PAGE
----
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Television of the Future

This article was written by in Consumer. 6 comments.


Hi, I’m new here. Flexo invited me to create some original videos for Consumerism Commentary, and I’m happy to present the first one, which explains how I managed to retain my (possibly saturated) television habit but simultaneously remove the monthly cable bill.

At the core of the problem was the fact that we were paying for dozens of channels that didn’t interest us. I saw the TV options in iTunes growing, and wanted to see if à la carte television was actually doable and practical. It took me about two years (non-cumulative) of different software and hardware options before I settled on a system that works for us.

The video below shows off what I’ve been able to accomplish, saving us about $70 a month.

Assuming you already have a TV with an HDMI input, here’s what you’ll need if you want to replicate this setup:

Hardware

  • Some kind of computer. I use a Mac Mini because it gives me access to Front Row, in which I can watch the shows bought in iTunes. Otherwise, you just need something capable of running Hulu Desktop and Boxee.
  • An infrared (IR) receiver. Here’s an example of a cheap IR receiver. I can’t vouch for this brand myself, but it looks well-reviewed.
  • A mouse and a keyboard for occasionally operating the computer as a computer, instead of an entertainment hub. Or, if you have another computer already in the house, you could use some kind of remote desktop control software. This is built-in on modern Macs, they call it “screen sharing.”
  • If you’re using a Mac Mini, you’ll also need a Mini DisplayPort to HDMI adapter which they don’t sell in the Apple stores. (Update: as of June 15, 2010, there is a new Mac Mini available with built-in HDMI.
  • A universal, programmable remote. I am fond of the Logitech Harmony series.

Software

  • Remote Buddy. This was the missing link for me between a kludgy “HTPC” setup and my current TV of the Future. It connects your IR receiver to your universal remote and makes things work.
  • Hulu Desktop. A great interface, high quality streaming video, and very few commercials. I couldn’t ask for more from these folks.
  • Boxee. This is what I use to organize local videos like British TV, but also grants access to a huge list of online streaming media.
  • ShowRSS. Choose from your favorite TV shows, British or otherwise, and generate a custom RSS feed, which you can then download on a regular basis, with:
  • Miro. Like Boxee, this also provides access to a directory of content, but I mostly just use it for its friendly RSS-catching interface

Finally, here is a .ZIP file of the spreadsheet I created to analyze whether we’d be saving money, in both Excel and OpenOffice versions. Of course, you’ll want to replace the example list of shows with your own preferences.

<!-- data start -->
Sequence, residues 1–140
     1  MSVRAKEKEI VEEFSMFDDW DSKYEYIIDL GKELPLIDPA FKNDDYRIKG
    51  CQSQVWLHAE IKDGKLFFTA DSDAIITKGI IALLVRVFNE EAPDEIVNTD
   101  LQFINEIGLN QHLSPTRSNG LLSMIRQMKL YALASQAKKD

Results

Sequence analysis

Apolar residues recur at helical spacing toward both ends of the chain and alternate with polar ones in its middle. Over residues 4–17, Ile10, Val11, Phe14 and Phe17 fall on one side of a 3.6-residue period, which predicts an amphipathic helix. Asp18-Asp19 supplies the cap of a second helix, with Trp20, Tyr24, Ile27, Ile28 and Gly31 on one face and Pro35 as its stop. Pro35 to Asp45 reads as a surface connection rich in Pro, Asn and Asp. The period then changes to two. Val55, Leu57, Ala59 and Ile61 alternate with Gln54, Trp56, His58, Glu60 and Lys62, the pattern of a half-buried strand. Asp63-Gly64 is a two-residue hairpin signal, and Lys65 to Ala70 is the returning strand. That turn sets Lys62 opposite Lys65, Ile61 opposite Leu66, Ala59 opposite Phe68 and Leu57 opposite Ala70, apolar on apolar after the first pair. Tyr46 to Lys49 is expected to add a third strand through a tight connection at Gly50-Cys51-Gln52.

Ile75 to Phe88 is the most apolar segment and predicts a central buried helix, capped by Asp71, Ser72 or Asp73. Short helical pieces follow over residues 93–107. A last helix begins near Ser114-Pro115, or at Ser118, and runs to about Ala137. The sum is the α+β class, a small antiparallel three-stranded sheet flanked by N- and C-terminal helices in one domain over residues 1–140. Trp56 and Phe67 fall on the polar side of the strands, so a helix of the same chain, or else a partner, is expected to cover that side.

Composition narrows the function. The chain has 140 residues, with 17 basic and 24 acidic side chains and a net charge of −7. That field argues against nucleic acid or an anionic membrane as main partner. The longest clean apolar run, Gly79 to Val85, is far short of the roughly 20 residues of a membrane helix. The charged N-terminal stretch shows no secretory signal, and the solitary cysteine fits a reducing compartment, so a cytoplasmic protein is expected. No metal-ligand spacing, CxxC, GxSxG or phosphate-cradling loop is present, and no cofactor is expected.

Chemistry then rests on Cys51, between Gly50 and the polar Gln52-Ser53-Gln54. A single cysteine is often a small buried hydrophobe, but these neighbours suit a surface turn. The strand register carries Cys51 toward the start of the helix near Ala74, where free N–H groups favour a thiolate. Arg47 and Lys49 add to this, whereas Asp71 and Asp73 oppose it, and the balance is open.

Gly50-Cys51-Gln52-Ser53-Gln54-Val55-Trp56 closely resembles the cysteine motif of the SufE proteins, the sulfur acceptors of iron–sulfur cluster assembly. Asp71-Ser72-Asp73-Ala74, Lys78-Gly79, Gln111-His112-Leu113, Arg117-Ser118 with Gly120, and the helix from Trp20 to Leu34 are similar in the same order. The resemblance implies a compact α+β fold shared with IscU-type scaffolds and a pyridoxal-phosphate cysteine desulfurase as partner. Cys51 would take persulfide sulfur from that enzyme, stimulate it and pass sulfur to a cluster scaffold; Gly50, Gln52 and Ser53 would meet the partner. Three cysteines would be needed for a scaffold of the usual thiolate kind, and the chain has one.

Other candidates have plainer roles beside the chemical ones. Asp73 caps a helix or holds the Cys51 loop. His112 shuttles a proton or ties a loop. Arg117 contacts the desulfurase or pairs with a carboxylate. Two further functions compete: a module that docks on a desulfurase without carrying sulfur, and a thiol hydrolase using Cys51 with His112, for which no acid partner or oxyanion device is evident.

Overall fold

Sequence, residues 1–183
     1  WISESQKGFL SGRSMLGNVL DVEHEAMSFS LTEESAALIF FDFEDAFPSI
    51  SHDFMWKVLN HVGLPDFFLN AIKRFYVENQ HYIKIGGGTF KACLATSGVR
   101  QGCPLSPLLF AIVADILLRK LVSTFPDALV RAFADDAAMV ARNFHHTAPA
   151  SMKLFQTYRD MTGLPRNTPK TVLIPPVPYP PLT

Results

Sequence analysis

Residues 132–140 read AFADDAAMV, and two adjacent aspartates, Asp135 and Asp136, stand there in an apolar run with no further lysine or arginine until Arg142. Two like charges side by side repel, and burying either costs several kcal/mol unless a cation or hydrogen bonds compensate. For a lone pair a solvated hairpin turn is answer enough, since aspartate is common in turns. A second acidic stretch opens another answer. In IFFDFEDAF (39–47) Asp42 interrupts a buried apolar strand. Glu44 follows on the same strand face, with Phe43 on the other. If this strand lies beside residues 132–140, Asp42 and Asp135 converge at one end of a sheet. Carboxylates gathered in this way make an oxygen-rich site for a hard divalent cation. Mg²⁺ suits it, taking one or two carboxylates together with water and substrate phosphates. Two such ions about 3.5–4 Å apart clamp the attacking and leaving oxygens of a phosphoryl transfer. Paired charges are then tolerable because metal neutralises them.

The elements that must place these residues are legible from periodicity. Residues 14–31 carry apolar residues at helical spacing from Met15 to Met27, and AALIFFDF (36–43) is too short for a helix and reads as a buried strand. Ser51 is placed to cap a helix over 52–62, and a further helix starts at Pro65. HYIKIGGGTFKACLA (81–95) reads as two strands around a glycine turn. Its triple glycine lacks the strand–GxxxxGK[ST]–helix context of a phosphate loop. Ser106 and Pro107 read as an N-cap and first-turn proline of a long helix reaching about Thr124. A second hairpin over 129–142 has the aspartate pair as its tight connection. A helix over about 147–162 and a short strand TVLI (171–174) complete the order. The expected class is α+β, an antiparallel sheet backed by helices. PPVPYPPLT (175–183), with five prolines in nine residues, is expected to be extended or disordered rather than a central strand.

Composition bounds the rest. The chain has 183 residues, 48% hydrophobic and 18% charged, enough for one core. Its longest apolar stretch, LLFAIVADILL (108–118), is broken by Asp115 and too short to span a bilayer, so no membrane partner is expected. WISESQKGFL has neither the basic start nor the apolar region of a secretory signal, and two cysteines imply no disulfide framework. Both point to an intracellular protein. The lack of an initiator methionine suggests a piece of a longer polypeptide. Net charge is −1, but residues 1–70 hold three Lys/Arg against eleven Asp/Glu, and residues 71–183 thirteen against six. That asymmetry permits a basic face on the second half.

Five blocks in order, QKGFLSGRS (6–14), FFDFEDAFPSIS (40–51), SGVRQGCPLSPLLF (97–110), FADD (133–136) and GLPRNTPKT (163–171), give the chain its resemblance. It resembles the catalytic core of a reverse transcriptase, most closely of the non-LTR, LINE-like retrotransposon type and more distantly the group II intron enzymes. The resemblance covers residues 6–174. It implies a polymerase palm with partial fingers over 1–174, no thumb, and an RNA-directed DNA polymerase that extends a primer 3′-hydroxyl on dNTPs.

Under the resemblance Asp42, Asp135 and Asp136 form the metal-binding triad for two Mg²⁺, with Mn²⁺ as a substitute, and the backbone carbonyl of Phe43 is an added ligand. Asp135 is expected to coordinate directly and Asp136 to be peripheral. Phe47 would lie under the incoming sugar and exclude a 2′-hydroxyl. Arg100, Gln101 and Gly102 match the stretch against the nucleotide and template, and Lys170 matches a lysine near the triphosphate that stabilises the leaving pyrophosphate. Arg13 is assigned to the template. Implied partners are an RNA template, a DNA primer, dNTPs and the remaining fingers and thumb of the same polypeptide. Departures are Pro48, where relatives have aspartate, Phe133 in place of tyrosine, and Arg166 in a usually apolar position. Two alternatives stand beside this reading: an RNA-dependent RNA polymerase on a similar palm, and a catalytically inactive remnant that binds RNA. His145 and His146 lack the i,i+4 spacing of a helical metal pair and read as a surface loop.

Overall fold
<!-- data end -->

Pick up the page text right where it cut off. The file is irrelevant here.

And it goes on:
Updated June 15, 2010 and originally published June 2, 2010. If you enjoyed this article, subscribe to the RSS feed or receive daily emails. Follow @ConsumerismComm on Twitter and visit our Facebook page for more updates.

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About the author

Bryan J Busch is an independent audio/video producer and entertainer. He is managing several sources of income in order to follow his dream of original videos and geeky comedy. He's had many different blogs over the years, but these days you're better off finding him on Twitter. View all articles by .

{ 6 comments… read them below or add one }

avatar Money Smarts

Good write up! I use a similar setup using a software on my desktop called Playon which streams shows to my xbox 360s, upstairs and downstairs. You can watch a variety of online video options including netflix, hulu, several of the networks, and a ton of others through the variety of Playon plugins you can download..

i would also second the recommendation of Logitech Harmony remotes. I’ve owned two of them and love them! I don’t know what I would do without them – and they’v just recently released a couple of models for less than $100 – so they’re more affordable now as well!

Cable is a thing of the past!

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avatar jim

I have a 7 year old PC hooked up to the TV and use a wireless keyboard with trackball. It works well enough.

We also have our Wii setup with netflix streaming with works great. I tried Playon for the Wii but the picture quality wasn’t very good.

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avatar Financial Samurai

Videos are always welcome Flexo. I like variety and so do probably everybody else. I like how the text comes out.

Interviewing interesting people is always the most fun.

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avatar Luke Landes ♦127,386 (Platinum)

Thanks, Sam. We’re looking forward to producing more.

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avatar Tom Dziubek

I think you nailed it with the comment at the end about how you’re fortunate you’re not into live sports. I think that I’d happily jump onto this setup if I wasn’t such a sports nut. There are ways around that, some legal, some not…but I’m not satisfied with the picture quality…the whole reason I got the HDTV in the first place.

Jim, that being said, do you have an HDTV? I think having to watch TV through a non-HD source such as the Wii would drive me nuts unless I was watching it on an SD set.

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avatar Cass ♦0 (Newbie)

Great! Thanks.

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